Having described the principal structural components of the first preferred embodiment of the automatic bead threading toy 10 of the present invention, the operation of the toy 10 is explained as follows. A child player (not shown) performs the bead threading process merely by turning the crank assembly 74. This shakes the container 16, and shaking of the container 16 causes the beads 18 to undergo a random motion in the container 16. The random motion of the beads 18 results in random orientation of the beads 18 relative to the outlet port 34 and to the first end 38 of the guide member or wire 38. As the shaking continues, the beads 18 orient themselves one-by-one with their respective aperture 32 in coaxial alignment with the first end 38 and vertical portion 42 of the wire 38. The aperture 32 in one of the heads 18 is best shown on FIG. 4. Then the beads 18 fall one-by-one through the outlet port 34 while sliding on the guide wire 38.
Subsequently, each bead 18 is captured by one of the cut-away portions 66 of the first rotatable member 50. The bead 18 is then advanced in a fixed displaced spatial position on the S shaped portion 46 of the wire 38 and is transferred into one of the cut-away portions 66 of the second rotatable member 52. The bead 18 is then further advanced on the S shaped portion 44 until it is finally released to slide down on the guide wire 38 towards the second end 67 of the wire 38. From the second end 67 the beads 18 fall one-by-one onto the thread or line 30. A child player (not shown) may, when he so wishes, discontinue turning the crank assembly 74 thereby stopping the bead threading process. Subsequently, he may remove the beads 18 assembled on the line 30 from the second end 67 of the wire 38.
The above described bead threading process may be readily followed and understood by the inspection of the drawing figures. The fact that a child player (not shown) may also view the process through the transparent chassis 12 further enhances the play value of the toy 10 and contributes to a child's learning process. Therefore, the toy 10 of the present invention is, apart from its utility as a bead threading toy, also useful as a visual kinematic toy having an operation which is highly educational and fascinating for children. Utility of the toy 10 as a visual kinematic toy becomes even further apparent in conjunction with the description of a second preferred embodiment, wherein the bead threading process may be entirely eliminated.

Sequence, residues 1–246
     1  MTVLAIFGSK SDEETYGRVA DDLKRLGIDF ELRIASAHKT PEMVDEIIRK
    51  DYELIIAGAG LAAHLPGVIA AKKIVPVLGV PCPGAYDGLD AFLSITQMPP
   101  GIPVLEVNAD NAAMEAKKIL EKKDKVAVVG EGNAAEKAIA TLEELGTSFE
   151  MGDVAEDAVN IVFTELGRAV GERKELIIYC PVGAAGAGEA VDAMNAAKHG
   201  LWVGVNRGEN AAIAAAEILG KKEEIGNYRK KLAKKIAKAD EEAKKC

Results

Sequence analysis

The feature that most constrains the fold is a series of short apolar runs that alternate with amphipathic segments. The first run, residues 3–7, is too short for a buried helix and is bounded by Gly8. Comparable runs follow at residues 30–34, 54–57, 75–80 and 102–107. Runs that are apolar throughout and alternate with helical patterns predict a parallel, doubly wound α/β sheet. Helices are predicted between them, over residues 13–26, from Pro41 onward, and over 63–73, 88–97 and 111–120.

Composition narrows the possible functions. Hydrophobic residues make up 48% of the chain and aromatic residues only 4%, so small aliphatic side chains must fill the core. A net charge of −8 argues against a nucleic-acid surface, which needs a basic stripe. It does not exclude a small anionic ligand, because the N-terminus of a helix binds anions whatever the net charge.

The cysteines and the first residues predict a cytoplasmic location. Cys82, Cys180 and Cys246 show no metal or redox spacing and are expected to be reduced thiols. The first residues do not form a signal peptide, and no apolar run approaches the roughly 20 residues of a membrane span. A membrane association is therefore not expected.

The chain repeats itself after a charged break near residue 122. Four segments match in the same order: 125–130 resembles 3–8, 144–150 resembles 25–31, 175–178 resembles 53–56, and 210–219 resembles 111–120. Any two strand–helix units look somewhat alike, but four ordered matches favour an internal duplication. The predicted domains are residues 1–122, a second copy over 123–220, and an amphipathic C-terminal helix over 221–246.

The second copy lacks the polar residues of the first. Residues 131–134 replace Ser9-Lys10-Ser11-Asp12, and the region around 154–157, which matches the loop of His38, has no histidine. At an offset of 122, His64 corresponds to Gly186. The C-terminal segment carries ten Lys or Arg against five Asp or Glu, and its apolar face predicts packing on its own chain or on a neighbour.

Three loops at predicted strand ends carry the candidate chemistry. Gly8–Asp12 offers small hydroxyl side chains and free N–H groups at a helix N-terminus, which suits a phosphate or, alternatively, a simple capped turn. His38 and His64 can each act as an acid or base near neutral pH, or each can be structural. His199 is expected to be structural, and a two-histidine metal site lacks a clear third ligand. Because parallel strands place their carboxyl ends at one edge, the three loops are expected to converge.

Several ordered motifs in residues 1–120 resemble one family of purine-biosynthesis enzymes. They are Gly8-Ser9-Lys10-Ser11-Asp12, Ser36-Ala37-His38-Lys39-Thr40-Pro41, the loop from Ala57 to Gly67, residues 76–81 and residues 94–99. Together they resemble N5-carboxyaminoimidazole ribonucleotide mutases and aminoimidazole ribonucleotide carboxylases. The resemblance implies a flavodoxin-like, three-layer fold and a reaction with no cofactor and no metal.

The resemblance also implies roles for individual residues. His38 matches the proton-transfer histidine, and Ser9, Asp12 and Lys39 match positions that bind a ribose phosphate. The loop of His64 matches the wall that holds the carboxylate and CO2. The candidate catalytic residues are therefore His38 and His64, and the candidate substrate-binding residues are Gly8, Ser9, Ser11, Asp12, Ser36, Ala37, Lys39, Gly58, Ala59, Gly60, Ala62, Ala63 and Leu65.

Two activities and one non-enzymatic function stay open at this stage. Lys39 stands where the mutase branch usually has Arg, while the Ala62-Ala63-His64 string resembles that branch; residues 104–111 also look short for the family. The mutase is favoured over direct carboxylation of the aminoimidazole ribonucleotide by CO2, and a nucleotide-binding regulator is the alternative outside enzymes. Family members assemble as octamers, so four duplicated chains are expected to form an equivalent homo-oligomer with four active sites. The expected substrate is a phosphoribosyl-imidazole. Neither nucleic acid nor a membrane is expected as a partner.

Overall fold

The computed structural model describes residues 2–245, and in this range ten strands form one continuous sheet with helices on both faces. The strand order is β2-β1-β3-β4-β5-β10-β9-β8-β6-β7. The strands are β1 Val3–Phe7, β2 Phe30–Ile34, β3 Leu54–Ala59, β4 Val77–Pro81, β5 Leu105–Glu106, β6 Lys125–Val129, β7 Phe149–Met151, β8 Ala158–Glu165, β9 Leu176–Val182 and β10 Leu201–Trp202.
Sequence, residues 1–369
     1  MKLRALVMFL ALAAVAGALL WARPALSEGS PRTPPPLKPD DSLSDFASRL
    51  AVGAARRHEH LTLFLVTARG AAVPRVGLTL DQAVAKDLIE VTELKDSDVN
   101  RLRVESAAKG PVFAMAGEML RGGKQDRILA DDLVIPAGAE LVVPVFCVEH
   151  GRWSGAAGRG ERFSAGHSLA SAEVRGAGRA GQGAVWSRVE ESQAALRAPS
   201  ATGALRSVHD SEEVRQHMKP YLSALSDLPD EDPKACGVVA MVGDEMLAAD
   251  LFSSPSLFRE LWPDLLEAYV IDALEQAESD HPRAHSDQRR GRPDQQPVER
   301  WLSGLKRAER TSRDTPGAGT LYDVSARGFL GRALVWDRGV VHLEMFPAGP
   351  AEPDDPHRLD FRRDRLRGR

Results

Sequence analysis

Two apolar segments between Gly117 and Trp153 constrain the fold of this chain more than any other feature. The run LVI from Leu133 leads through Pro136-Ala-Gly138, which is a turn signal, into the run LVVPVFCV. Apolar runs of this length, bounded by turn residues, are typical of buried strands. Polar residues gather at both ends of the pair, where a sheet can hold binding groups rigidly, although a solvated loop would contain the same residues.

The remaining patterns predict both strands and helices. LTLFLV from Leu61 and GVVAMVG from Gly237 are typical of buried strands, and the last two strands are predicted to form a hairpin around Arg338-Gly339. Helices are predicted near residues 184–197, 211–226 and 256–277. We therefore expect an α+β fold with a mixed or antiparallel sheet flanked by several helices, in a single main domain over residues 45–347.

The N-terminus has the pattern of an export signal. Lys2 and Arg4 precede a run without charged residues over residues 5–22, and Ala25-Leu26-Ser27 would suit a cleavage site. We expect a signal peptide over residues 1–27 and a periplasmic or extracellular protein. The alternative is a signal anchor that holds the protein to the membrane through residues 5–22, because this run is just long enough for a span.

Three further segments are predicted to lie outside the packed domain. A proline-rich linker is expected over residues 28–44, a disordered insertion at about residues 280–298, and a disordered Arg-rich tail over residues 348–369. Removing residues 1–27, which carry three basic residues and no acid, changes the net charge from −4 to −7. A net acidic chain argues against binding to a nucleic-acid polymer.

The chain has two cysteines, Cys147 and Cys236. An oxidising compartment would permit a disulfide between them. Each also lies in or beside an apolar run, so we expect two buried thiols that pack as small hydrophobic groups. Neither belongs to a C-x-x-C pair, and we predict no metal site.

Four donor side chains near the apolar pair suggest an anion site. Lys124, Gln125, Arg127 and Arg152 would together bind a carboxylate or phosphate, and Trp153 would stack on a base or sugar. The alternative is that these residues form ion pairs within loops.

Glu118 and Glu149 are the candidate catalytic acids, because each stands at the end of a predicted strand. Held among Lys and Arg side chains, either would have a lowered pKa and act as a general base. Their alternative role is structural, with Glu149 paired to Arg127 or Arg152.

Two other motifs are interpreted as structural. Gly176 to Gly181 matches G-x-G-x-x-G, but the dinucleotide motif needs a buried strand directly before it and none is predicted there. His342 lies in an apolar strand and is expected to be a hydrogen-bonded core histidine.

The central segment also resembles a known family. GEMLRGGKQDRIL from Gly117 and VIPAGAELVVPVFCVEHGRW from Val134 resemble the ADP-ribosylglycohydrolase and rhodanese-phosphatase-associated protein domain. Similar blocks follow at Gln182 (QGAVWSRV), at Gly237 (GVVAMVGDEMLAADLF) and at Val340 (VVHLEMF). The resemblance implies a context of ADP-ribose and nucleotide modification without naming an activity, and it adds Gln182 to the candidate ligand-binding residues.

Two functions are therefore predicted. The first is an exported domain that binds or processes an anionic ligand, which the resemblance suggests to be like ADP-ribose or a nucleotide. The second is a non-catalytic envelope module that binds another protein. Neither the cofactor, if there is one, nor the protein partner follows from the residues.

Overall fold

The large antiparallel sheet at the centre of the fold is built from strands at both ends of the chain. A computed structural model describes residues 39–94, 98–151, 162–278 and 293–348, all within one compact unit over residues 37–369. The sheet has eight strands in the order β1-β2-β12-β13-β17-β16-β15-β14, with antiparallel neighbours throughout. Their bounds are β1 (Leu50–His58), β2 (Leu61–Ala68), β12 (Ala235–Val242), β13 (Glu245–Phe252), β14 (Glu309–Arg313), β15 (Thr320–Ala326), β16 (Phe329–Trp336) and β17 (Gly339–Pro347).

Referring now to FIGS. 5 and 6, the second preferred embodiment of the toy 10 of the present invention is disclosed. The second preferred embodiment is in most respects identical or similar in construction to the first preferred embodiment. Therefore, it is described in significantly less detail than the first preferred embodiment.
The second preferred embodiment of the bead threading toy 10 has a chassis 12 which includes a transparent front panel 76 and side panels 78 having transparent portions. A substantially vertically disposed nontransparent panel 80 conceals part of mechanism of the crank assembly 74 from view and acts as support to the hereinafter described bead advancing mechanism 48 and shaking mechanism 28.
The second preferred embodiment, as the first preferred embodiment, includes a container 16 for the beads 18 which is shaken by a rotating ratchet wheel 26 of the shaking mechanism 28. The beads 18 fall out of the container 16 through a circular outlet port 34 to slide down on the guide wire 38. A portion of the crank assembly 74 which causes rotation of the ratchet wheel 26 is not shown on FIGS. 5 and 6.
Two additional gears are provided in the second preferred embodiment as compared to the first preferred embodiment. These are indirectly driven by the crank assembly 74. The two additional gears respectively bear the reference numerals 82 and 84. They respectively engage the ratchet wheel 26 and a second rotatable member 52 which also engages a first rotatable member 50. The first and second rotatable members 50 and 52 have the same function in the second preferred embodiment as in the first preferred embodiment; i.e. they engage an S shaped portion 46 of the guide wire 38 and advance the beads 18 until the beads 18 are finally deposited from a second end 67 of the guide wire 38 to an attached thread or line 30. For this purpose, the first and second rotatable members 50 and 52 have cut-away portions 66 which, as described for the first preferred embodiment, temporarily capture and advance the beads 18.
The additional gears 82 and 84 are not essential for the operation of the second preferred embodiment of the bead threading toy 10. Rather, they merely enhance the sophisticated "machinery like" appearance of the bead threading toy 10, and thereby enhance the pleasure of the children playing with the toy.
The second preferred embodiment of the automatic bead threading toy 10 of the present invention includes a hinged door 86 which provides access to an outlet duct 70 of the chassis 12. The side view of FIG. 6 shows the hinged door 86 in a closed position while FIG. 5 shows the same in an open position. A drawer 88 is incorporated in the chassis 12 below the bead advancing mechanism 48. The beads 18 fall into the drawer 88 whenever the hinged door 86 is closed and the bead advancing mechanism 48 is operated. Thus, a child playing with the second preferred embodiment of the bead threading toy 10 of the present invention has the play option of removing the thread or line 30, closing the door 86 and collecting the beads in the drawer 88 wherefrom they may be again transferred into the container 16. In this mode, the second preferred embodiment of the toy 10 of the present invention operates as an educational, visually fascinating kinematic toy.
What has been described above is a bead threading toy which is readily operated even by small children. Several modifications of the above described toy may become readily apparent to those skilled in the art in light of the above disclosed generic concepts. Therefore, the scope of the present invention should be interpreted solely from the following claims.
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|Classificação dos EUA||29/241|
|Classificação Internacional||A63H33/00, A63F11/00, D04D1/04, A63F9/00|
|Classificação Cooperativa||A63F2007/4081, Y10T29/53696, A63F11/0002|